Wednesday, 16 January 2013

Contemporary Indian Women: The Ground Reality -Shitio Shitiri, HOD Political Science

                 Indian protesters hold candles during a rally in New Delhi.
(AFP/Getty Images)
As we celebrated the coming of 2013, our country was being shaken by another shocking reality. 
The Delhi gang rape of a 23 year old woman, which led to nation wide protest brought to light deeper questions on the plight of women in our country - violence, discrimination, subjugation and more. 
 We still continue to ponder about the real position of women from the past to the present day. 







Contemporary Indian Women: The Ground Reality




Women are the noblest creation of God Almighty on this earth.  Men and women are like two wheels of a carriage.  One is not superior or inferior to the other. The life of one without the other is incomplete. Men and women both contribute to the development of each other’s personality.

In Ancient India, women were accorded equal status and considered better halves of men. No ceremony, prayer or Yajna was complete without women’s participation. They enjoyed full liberty to prepare themselves in their own manner to face the arduous battle of life.

Unfortunately in the later period the status and honour women enjoyed in the past declined. During the medieval period, women were deprived fairly wide measures of freedom and were considered ‘unpaid slaves’. Purdah, child marriage, female infanticide, sati and other social evils were practiced on a wide scale. The condition of women remained quite miserable through out the middle ages.

In the 19th century, social reformers fought for the emancipation of women. The efforts of social reformers, impact of western thought, liberal education, socio-economic consciousness and all-round reawakening in the country paved way to liberate women from the shackles of age-old slavery. Women actively took part in the freedom movement of the country along with men. The world witnessed a host of Indian women making a mark at the international arena in various fields during that particular phase of time. As a result of their contribution, the status of women in India kept on evolving.  Soon after independence, Indian women got back their honour and dignity. The constitution granted them equality of status and opportunity with men. The government made efforts to remove disparities providing conditions for women welfare by enacting laws which include-Widow remarriage Act (1856), Immoral Traffic (Prevention) Act 1956, Dowry Prohibition Act (1961 Amended in 1984), Medical Termination of Pregnancy Act (1971), Child Marriage Restraint Act (1978), Commission of sati (Prevention) Act 1987, Domestic Violence Act (2005) etc. Further, programmes and plans were made providing access to women in education, skill development, employment, gender sensitization, reservation (33% in Panchayati Raj & Municipalities).

Today, quite a large number of women have made remarkable progress contributing immensely to the development of the country. Women have not only woken up from the slumber of the millennia, but are actually attaining commanding heights in every field. We have women doctors, engineers, lawyers, architect, pilots, cops, politicians, scientist, professor and sportsperson. Result also shows that women capture most of the merit in university and other exams. Gradually the condition and status of women in India is slowly changing and rising. Women whether high or low, rich or poor, educated or illiterate, working women or housewives have become bold and ready to face all challenges. They have begun to take due place in free India.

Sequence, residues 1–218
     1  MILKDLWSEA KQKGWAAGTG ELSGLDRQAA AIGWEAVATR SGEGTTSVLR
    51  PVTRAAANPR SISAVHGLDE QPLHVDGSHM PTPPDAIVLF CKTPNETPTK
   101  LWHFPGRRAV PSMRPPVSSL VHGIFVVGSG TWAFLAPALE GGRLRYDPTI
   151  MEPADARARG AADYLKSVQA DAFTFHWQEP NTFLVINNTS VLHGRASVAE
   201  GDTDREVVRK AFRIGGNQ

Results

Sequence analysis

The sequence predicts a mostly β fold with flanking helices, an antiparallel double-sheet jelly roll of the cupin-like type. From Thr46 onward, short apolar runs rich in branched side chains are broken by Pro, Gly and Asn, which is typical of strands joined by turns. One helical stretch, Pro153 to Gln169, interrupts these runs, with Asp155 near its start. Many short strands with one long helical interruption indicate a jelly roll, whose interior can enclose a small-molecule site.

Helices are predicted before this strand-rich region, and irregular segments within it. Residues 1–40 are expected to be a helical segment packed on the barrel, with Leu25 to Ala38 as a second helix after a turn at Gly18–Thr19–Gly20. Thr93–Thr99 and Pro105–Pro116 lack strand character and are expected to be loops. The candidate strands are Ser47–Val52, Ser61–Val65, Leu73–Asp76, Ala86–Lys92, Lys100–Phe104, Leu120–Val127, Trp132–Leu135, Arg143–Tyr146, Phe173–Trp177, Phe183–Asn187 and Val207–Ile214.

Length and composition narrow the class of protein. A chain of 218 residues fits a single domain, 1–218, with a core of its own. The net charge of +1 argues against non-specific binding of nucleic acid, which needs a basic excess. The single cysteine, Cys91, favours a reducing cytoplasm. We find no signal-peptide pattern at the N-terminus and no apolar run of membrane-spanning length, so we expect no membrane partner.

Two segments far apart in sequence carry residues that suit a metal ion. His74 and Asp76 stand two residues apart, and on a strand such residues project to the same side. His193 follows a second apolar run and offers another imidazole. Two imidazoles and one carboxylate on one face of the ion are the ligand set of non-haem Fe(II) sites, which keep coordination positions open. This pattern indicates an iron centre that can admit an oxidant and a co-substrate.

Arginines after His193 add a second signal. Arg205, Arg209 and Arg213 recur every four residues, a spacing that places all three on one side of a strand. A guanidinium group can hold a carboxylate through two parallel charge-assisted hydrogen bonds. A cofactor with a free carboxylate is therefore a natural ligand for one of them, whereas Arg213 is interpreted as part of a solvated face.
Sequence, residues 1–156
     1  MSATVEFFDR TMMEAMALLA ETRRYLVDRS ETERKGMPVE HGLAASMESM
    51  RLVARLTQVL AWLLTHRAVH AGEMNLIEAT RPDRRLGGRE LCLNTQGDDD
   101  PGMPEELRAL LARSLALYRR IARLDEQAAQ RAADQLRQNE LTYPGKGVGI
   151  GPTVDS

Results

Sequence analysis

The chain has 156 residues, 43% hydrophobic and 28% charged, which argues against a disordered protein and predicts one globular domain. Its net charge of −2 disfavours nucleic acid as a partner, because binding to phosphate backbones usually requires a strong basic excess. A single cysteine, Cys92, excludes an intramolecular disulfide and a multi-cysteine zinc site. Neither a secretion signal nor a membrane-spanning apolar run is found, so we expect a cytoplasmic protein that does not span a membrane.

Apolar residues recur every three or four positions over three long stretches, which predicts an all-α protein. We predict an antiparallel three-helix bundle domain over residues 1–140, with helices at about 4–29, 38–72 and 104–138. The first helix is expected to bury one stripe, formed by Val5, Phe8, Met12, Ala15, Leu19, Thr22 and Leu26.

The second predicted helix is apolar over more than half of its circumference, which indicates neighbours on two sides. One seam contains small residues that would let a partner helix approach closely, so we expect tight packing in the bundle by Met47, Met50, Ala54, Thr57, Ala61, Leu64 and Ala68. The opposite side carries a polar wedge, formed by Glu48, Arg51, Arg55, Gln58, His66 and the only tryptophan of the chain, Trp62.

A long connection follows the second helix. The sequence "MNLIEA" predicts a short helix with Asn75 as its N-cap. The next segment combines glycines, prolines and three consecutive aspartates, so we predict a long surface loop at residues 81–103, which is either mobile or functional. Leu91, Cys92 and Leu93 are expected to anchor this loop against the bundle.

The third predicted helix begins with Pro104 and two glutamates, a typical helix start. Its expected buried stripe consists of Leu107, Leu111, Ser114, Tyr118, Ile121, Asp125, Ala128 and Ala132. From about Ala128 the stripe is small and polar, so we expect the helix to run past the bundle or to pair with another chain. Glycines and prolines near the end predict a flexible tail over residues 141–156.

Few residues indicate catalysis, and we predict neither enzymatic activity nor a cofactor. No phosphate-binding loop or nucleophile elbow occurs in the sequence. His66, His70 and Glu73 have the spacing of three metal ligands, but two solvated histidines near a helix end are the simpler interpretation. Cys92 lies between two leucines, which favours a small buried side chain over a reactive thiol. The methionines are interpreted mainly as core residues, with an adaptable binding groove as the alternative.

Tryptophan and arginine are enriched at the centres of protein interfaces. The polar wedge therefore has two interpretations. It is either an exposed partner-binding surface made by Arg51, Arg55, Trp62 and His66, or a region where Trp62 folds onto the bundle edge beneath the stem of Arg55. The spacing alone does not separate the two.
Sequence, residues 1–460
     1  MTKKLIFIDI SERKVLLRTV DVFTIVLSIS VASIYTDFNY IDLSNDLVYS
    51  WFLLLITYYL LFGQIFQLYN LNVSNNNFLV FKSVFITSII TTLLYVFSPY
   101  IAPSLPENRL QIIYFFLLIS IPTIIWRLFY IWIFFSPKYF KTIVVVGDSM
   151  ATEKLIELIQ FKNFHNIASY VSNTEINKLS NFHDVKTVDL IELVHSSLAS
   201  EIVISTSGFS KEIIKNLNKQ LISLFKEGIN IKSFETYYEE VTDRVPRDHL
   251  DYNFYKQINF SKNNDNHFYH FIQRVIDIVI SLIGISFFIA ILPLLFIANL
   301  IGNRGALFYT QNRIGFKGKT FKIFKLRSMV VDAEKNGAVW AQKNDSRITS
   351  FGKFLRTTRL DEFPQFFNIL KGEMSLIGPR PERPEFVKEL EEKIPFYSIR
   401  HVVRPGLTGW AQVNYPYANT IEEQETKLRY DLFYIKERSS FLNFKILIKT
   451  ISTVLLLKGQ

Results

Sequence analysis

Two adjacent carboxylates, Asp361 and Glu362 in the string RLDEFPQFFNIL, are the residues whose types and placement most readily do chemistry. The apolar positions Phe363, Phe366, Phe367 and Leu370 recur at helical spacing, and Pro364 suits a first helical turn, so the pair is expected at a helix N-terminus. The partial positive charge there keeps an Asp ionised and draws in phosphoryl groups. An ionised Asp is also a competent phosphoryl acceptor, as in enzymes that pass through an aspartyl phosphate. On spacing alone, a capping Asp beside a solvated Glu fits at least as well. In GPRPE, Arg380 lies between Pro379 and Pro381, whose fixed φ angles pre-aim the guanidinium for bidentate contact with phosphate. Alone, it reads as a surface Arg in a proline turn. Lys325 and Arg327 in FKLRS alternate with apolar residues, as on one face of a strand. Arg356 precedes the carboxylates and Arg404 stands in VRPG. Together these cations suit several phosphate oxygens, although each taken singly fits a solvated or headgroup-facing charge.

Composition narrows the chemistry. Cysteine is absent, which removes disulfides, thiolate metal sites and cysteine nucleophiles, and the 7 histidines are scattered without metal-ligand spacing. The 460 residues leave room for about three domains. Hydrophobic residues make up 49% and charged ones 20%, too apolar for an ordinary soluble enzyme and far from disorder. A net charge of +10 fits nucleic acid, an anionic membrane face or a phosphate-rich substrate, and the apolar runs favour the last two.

However, a closer look at the condition of women in general will show that the so-called women power is more a myth than a reality. The challenges faced by women in dealing with issues relating to their deprivation are manifold in our society. Although the process of women’s empowerment has been successful to a certain extent, gender-related socio-economic biases still exist. Prenatal medical test are being increasingly resorted to abort female foetuses. Female infanticide is still being widely practiced. Majority of women still remain poor, deprived and illiterate. Young brides are kept like hostages in the house of their husband and held to ransom, extorting more and more dowry. Crime against women is on the rise – child rape, child prostitution, incest, abduction, dowry deaths, physical domestic violence and other forms of atrocities. Even as we were welcoming 2013, the Delhi rape case was a stark reminder of how the women of our country continue to be appallingly treated.  In politics, even merit and personal talent of a women aspirant have become a liability. Women, who constitute about 49 percent of the vote bank in India, are yet to assert themselves on the Indian political Scene. Only few have gained eminence because of the sweat of their brow and personal talent.

According to the global poll conducted by Thomas Reuters “India is the fourth most dangerous country in the world for women, and the worst among the G20 countries”. Surprisingly, India ranks as the country with the maximum number of social legislation for women. What a Shame? Inspite of so many laws, women in India continue to face many social challenges “making their lives a living hell”. In a male dominated macho, it is difficult to make an objective evaluation of women’s place in the society. Sadly, inspite of tall claims about the advent of women power, women still remain vulnerable to men’s exploitation. Nevertheless, women should also know their duties and responsibilities towards their family, society and nation. We, the people, are the ambassadors of the country, it’s time we understand and redeem the system from serious sluggishness of evils. Let’s live well as citizens of heaven in a fallen world?

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